"I am the guy that flies around the world photographing the rich, beautiful and famous people" With those words photographer Perou introduced himself at the beginning of each episode of "Dirty, Sexy things" (you can still catch it on Channel 4 OD if you missed it) and those were the words that first came to my mind when the people from Levi’s told me about their Curve ID events involving a photo shoot with Perou and a chance to interview him. After a few seconds of meeting him, I could have extended that definition to much more: Perou is also a rather approachable and easy to talk to guy from Newick, Sussex, who owns a farm where he lives with his wife and kids and has a genuine interest in people. What makes him such a talented photographer is his ability to bring all that into iconic photographs.
“You have to try on the jeans and then I’ll take a photo of you or two… if you want” he says with a smile knowing that no one in their right mind will refuse a chance to get a photo taken by his expert eye. But how was it for him, the idea of working with normal people, when his day by day glamorous endeavours are full of models and celebrities?
"I was a bit scared at the beginning of the idea of doing public photo shoots but the photos we already took in Italy look amazing and it’s been so far a wonderful experience. Yes I am used to working with professional models, but these Levi’s jeans make girls look great and girls that look great feel sexy and therefore look beautiful which makes it so easy for me. To be honest the jeans have helped me a lot in this process. My wife never used to wear jeans but she got a pair of Curve ID and now she wears them all the time… she even wears them to bed! which make things a bit complicated for me, but she looks amazing."
How did you get involved with this campaign and what attracted you most to the project?
"I think this project and I were really meant for each other. I am interested in real people and I love this concept of jeans that can make women feel sexy and comfortable with the way they look… it is a democratized appeal and it’s great. The idea is to make women look fantastic and make them realise they don’t need to be celebrities or models to feel good with themselves. I usually get asked on interviews who I would like to photograph, and I always say "people". Each person makes the experience."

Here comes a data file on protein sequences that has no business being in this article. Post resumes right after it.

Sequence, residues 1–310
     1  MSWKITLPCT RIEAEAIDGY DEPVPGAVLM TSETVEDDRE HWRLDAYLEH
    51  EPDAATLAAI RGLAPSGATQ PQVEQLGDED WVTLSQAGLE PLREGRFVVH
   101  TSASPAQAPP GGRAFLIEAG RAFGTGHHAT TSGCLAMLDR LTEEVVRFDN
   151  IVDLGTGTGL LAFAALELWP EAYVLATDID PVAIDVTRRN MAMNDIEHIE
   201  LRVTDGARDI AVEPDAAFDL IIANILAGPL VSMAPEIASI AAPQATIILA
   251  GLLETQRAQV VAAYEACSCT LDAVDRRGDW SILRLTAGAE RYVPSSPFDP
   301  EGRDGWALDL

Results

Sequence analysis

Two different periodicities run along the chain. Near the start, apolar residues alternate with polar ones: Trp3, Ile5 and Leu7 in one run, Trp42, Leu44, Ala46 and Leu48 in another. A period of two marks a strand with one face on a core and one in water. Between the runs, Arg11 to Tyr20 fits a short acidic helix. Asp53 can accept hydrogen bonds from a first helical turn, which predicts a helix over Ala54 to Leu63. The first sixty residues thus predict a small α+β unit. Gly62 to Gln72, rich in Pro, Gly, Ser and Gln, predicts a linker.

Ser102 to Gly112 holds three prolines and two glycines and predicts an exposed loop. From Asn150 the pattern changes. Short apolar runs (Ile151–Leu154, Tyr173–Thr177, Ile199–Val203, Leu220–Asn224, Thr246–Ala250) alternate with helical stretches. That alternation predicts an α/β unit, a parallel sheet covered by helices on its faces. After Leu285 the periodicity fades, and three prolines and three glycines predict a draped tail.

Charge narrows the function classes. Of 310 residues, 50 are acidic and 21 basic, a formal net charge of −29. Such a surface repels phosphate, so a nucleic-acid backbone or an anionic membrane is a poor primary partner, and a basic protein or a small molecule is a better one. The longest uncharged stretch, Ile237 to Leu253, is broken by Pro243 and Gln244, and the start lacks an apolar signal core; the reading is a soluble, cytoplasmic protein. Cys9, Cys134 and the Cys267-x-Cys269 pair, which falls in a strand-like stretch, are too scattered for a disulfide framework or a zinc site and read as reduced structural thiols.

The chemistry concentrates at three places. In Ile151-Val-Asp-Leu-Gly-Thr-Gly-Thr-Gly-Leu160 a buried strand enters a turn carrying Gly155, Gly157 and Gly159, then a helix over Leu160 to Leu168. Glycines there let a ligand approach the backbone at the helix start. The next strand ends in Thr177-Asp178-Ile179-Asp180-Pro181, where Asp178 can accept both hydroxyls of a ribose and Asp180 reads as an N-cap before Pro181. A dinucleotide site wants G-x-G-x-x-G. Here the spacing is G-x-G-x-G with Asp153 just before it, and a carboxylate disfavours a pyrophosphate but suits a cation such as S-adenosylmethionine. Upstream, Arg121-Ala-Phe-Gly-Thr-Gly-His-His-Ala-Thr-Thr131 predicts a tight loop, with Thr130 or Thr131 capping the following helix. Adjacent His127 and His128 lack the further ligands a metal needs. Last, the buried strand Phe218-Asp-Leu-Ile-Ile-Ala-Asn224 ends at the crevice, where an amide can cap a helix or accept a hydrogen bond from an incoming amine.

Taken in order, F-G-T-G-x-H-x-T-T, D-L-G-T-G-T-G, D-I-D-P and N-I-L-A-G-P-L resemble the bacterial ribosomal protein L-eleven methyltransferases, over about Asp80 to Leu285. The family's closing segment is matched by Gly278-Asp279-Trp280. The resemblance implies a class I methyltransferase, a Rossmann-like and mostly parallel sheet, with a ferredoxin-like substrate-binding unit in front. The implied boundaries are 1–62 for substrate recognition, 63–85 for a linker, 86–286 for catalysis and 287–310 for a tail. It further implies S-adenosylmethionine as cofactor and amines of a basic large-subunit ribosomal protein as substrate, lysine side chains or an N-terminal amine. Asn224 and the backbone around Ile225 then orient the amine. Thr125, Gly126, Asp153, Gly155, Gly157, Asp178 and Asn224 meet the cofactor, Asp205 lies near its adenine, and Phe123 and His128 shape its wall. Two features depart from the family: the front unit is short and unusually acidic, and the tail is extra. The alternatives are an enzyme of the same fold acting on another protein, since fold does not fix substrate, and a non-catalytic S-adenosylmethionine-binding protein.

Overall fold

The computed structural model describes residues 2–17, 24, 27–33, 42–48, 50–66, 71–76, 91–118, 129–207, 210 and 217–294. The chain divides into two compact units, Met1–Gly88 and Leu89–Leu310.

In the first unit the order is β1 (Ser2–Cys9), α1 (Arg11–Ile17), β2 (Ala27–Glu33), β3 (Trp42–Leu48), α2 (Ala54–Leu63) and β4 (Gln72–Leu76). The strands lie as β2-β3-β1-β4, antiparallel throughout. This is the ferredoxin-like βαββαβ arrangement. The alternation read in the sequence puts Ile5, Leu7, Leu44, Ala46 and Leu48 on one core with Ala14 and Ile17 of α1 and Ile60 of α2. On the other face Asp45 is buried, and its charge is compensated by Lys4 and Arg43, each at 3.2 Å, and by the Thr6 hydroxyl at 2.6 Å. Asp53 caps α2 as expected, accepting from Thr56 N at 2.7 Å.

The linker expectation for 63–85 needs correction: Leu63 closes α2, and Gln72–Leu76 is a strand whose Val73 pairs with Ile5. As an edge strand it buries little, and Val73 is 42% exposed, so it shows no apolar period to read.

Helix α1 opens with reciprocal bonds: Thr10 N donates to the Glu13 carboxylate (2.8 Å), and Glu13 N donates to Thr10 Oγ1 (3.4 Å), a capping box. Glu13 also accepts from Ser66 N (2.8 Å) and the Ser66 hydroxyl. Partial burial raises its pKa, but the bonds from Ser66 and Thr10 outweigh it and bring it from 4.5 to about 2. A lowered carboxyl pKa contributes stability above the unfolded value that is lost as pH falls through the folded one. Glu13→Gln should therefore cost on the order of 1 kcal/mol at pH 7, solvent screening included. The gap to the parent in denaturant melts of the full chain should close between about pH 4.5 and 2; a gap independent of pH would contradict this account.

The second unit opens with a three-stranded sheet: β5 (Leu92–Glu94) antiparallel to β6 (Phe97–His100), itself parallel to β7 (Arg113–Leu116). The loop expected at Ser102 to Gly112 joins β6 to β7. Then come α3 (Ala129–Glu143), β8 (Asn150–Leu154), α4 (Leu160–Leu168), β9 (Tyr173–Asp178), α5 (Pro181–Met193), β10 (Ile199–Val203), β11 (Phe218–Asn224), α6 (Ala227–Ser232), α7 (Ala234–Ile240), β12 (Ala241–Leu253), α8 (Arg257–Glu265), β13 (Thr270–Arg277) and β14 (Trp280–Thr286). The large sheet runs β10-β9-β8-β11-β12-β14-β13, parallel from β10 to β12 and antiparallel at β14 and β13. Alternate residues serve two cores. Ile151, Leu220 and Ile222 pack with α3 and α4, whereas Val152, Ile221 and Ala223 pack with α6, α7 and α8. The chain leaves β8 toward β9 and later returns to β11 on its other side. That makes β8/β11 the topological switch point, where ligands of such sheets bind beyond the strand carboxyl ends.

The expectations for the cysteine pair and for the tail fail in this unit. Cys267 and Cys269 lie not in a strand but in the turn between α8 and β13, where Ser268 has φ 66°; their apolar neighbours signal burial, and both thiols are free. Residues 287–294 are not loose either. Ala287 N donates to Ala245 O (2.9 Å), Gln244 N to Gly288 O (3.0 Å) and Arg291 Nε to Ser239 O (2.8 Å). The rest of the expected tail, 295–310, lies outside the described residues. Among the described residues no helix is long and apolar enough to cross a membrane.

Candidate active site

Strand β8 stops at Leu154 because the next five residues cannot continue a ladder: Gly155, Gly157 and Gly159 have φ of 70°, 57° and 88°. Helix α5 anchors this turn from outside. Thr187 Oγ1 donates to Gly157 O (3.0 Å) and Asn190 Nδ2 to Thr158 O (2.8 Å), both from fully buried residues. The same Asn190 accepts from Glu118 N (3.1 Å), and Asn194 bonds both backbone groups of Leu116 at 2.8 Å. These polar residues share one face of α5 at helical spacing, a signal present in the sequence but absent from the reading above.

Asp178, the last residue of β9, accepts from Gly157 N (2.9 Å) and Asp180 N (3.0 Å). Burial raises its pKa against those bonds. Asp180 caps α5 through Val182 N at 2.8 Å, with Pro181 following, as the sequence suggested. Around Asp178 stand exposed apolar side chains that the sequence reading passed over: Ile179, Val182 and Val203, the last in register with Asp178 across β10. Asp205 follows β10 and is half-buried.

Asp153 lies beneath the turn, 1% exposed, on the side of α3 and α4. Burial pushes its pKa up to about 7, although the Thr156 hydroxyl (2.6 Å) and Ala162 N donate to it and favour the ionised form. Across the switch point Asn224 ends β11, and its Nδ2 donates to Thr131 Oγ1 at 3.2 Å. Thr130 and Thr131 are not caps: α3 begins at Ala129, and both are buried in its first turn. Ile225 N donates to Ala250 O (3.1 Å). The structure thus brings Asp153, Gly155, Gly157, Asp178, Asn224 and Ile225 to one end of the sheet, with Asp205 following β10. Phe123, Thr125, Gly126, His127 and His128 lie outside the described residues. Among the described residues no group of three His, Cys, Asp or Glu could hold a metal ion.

Tell me about your project of photographing homeless kids.
"The whole idea comes from talking to homeless people and finding out how they feel invisible, so I’m planning to make them visible. I want to photograph them as whole people, part of society: in the same way as I might photograph a celebrity or an actor for a magazine"
After being part in several TV shows (Make me a Supermodel; Dirty, Sexy things) and directing videos and commercials, which of your jobs do you find yourself more comfortable with?
"Definitely photographing. Directing is something I do more because I have to, but doing photos is what I enjoy the most"
What makes a Perou photograph?
"I always say I’m more interested in the content than anything else: function over form. What I bring into my photographs is beauty but it is internal more than external. I’ve worked with incredibly attractive models who were standing in front of me and I couldn’t see them as being as beautiful as the normal people that usually don’t stand in front of a camera. Even during these photo shoots for Levi’s, a lot of people have told me they were afraid to be photographed in jeans but afterwards they felt great and I could see that. I’m simply taking a photograph of how beautiful they feel"
Last but not least, do you have a Sketchbook and what’s on it?
"I do have a Sketchbook. It’s a Moleskine I take everywhere and where I sketch all my ideas for photo shoots. I usually show my clients what I drew and everybody looks at it like “what the hell is that?” I am actually terrible at drawing but that’s why I take photos, because I can’t draw”
Find out more about Perou’s iconic photographs here: http://www.perou.co.uk/
Words: Mariana Moyano Menta